Normal Speech and Language Development: An Overview. James Coplan. Pediatrics in Review Mar 1995, 16 (3) 91-100; DOI: 10.1542/pir.16-3-91.
Normal Speech and Language Development
Language consists of any symbol system for the storage and exchange of information. It commonly is described in terms of auditory expressive and receptive ability (speech and listening comprehension, respectively). However, language also is conveyed visually. Normal infants attend to gestures and initiate various gestures to make their needs known; visual language development in deaf infants exposed to a formal sign system, such as American Sign Language (ASL), parallels the stages of oral language development in hearing infants;1 and reading and writing are obvious manifestations of visual language in older children and adults. Precursors to auditory and visual language are readily observable from earliest infancy. Because these precursors lack symbolic value, they are termed prelinguistic.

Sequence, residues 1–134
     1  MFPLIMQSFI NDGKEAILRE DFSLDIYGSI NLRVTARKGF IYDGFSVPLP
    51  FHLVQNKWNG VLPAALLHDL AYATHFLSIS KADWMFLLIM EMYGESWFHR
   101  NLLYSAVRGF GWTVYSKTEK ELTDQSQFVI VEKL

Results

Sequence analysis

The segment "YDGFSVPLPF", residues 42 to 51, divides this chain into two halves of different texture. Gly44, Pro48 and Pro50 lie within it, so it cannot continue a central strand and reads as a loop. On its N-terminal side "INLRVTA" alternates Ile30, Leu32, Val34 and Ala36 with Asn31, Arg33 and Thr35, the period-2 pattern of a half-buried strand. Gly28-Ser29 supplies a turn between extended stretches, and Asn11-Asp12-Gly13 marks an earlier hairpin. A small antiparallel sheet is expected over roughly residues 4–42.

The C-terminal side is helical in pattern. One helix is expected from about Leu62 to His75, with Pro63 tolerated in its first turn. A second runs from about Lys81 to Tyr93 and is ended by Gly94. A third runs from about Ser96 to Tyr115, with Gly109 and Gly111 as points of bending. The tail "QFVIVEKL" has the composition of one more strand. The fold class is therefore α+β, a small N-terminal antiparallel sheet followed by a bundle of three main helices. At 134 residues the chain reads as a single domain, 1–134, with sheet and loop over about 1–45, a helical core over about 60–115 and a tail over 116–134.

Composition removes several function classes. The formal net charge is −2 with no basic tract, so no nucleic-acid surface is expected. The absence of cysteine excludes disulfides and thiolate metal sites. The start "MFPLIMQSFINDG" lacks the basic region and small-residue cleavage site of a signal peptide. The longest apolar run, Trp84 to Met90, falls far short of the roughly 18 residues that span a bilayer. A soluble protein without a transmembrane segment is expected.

Auditory Expressive Language
Human infants produce a uniform sequence of prelinguistic utterances, regardless of the language spoken by their adult caretakers. The earliest of these utterances is cooing, which consists of musical, open vowel sounds. Cooing should be well established within the first 4 to 6 weeks of life. This is followed in the first few months of life by bilabial sounds: blowing bubbles or the “raspberry.” By 5 months, laughing and a variety of monosyllables appear, such as “ba” or “ga.” Between 6 and 8 months, infants produce polysyllabic babbling, which consists of the same syllable repeated over and over: “lalalalala,” “mamamamama,” “dadadadada,” and so forth.
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